And so the openings that have gotten the nightlife circles buzzing have not been clubs, but clubby restaurants backed by celebrity chefs: Besides Kenmare, the Lion, and Abe & Arthur's, there's Má Pêche, the new midtown outpost from Momofuku mastermind David Chang; and the Breslin, Spotted Pig owner Ken Friedman's meat-tastic gastropub in the Ace Hotel, which includes a 14-person chef's table inspired by the legendary Algonquin Round Table, for those who really want to put the dinner in dinner party.
Some of this restaurantmania doubtless reflects the cultural obsession with all things gastronomical, and some is tied to the fact that people are working harder and working more. "There's an earlier bedtime," says Serge Becker, the veteran New York entrepreneur who designed La Esquina and the avant-garde burlesque club the Box. Does that mean that late night has been scrubbed of sin? Not entirely. All the vices once found in clubland are still around if you know where to look. The sin has simply gotten more discreet. "Maybe Kenmare is the best example," says Ahluwalia. "Upstairs is the restaurant; downstairs is the den of iniquity." Debauchery has literally gone underground.
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Entrée New: Like iconic eighties nightlife restaurants Odeon and Indochine, today's scene-ish eateries, like Kenmare, let the chic satisfy their hunger—and other appetites—in a communal setting that's blessedly free of velvet ropes and bottle service.
"I feel like we created the whole restaurant-lounge thing," Richie Akiva says. By "we" he means himself and his partner, Scott Sartiano, who'd already become successful nightlife impresarios with the now-defunct West Village clubs Life and Spa when they opened Butter in NoHo in 2002. Besides nouveau-American cuisine, moody lighting, and a magnificent variety of wood paneling, the restaurant has a DJ booth, a downstairs lounge called the Birch Room, and a Monday-night party. "It was a restaurant that we turned into nightlife," Akiva says.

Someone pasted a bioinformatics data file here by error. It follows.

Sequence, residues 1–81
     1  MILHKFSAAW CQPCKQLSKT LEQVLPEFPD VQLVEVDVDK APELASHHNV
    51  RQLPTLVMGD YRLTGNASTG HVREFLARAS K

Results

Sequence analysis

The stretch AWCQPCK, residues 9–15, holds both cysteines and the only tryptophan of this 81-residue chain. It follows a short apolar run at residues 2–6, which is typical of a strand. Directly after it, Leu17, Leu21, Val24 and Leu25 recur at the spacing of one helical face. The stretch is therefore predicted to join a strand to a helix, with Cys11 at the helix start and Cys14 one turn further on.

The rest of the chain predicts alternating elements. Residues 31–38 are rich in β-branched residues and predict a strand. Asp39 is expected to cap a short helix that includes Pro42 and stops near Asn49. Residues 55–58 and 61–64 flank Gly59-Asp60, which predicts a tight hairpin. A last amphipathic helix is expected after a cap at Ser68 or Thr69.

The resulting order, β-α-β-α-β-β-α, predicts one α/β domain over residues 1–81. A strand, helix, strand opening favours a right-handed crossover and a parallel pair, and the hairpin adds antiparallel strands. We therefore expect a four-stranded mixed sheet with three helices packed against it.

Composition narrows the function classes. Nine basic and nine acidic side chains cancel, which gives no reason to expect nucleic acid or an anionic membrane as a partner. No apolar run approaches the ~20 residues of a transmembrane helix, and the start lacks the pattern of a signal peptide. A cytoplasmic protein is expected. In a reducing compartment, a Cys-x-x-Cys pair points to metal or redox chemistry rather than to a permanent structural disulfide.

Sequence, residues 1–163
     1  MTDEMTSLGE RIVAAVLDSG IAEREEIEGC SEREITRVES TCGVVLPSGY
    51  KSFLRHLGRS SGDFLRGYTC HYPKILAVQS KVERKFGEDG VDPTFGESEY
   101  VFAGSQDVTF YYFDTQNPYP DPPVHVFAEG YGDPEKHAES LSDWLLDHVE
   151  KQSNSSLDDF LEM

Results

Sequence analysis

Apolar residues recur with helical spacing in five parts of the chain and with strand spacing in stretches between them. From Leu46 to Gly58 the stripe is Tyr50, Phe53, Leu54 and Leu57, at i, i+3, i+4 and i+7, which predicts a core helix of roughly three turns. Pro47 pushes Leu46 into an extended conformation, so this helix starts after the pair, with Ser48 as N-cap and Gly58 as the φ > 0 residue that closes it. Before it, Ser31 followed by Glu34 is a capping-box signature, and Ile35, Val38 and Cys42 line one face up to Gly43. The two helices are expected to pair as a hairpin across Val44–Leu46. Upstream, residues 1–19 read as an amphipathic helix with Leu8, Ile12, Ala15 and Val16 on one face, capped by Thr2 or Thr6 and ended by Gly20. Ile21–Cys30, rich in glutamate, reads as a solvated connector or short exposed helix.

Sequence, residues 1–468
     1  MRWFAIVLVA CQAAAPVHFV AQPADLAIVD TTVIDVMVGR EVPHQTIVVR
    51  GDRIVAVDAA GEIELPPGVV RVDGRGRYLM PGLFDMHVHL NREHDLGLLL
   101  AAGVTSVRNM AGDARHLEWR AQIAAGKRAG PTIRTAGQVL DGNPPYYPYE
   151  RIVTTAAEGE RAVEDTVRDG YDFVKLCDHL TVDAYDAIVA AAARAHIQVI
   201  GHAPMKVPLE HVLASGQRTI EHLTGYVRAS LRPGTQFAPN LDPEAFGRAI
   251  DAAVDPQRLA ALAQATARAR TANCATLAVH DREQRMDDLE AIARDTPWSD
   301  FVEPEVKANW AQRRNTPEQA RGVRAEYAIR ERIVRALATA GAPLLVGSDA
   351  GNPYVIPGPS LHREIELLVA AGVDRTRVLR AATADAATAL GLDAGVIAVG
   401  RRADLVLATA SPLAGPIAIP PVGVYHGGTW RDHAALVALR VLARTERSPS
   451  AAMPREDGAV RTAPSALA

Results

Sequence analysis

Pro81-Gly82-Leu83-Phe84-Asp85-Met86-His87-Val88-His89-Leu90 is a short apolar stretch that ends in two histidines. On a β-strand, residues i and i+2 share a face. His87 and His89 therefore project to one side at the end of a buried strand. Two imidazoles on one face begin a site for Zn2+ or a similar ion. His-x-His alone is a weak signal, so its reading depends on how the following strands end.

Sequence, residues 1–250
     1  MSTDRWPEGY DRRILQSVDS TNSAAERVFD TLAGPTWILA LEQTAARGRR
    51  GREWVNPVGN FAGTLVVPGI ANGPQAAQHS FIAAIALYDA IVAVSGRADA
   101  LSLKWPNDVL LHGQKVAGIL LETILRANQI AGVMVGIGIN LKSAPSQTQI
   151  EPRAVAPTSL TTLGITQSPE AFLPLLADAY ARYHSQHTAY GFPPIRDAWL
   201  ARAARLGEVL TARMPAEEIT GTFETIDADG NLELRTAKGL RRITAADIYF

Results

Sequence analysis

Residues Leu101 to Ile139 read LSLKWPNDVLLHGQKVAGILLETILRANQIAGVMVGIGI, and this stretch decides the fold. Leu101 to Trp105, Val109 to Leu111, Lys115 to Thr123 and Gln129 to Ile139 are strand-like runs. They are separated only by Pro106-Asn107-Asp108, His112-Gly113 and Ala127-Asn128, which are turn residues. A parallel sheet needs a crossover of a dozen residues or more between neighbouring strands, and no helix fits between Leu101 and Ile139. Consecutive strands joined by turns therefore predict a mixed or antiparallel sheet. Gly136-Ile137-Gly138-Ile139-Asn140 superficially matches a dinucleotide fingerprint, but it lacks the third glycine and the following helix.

Butter, which Akiva and Sartiano have since started franchising—first to Charlotte, North Carolina, with a Boston offshoot in the works—may have been one of the first to package the contemporary nightclub experience with dinner, but the restaurant-as-nightlife-hub dates back even further. Keith McNally, along with his brother Brian, elevated it to an art form in the early eighties with his lively, immaculately designed late-night eateries, beginning with the Odeon in Tribeca, a favorite hangout of Jay McInerney's during his Bolivian-marching-powder days. Brian also opened Indochine in NoHo, which has long been a favorite with the fashion set and is in many ways a predecessor to Kenmare. A couple of generations before the brothers McNally, the Stork Club defined the idea of dinner as nightlife in New York. On the opposite coast, the L.A. scene was built on the back of restaurants like the Ivy and the venerable Musso & Frank, where the show matters as much as the food.
Now, as the late-night pendulum swings back to restaurants once again, Akiva and Sartiano are seeking to incorporate elements of all of those places in their newest venture, the Darby, which will be housed in the old Nell's space. Their inspiration is the epic tracking shot in Goodfellas in which Ray Liotta guides a dazzled Lorraine Bracco through the kitchen of the Copacabana, then up the stairs and into the club to a table next to the stage. Akiva and Sartiano say they also want to pay tribute to Nell's, which was opened in 1986 by Keith McNally with Wagenknecht, his wife at the time, as an intimate alternative to cavernous megaclubs like Limelight. "It was a lot of people's 'first' place, which made them fall in love with nightlife," says Akiva, who used to sneak into Nell's as a teen to gawk at the likes of Eddie Murphy and David Bowie. "What we're trying to do is bring back a culture that's been lost."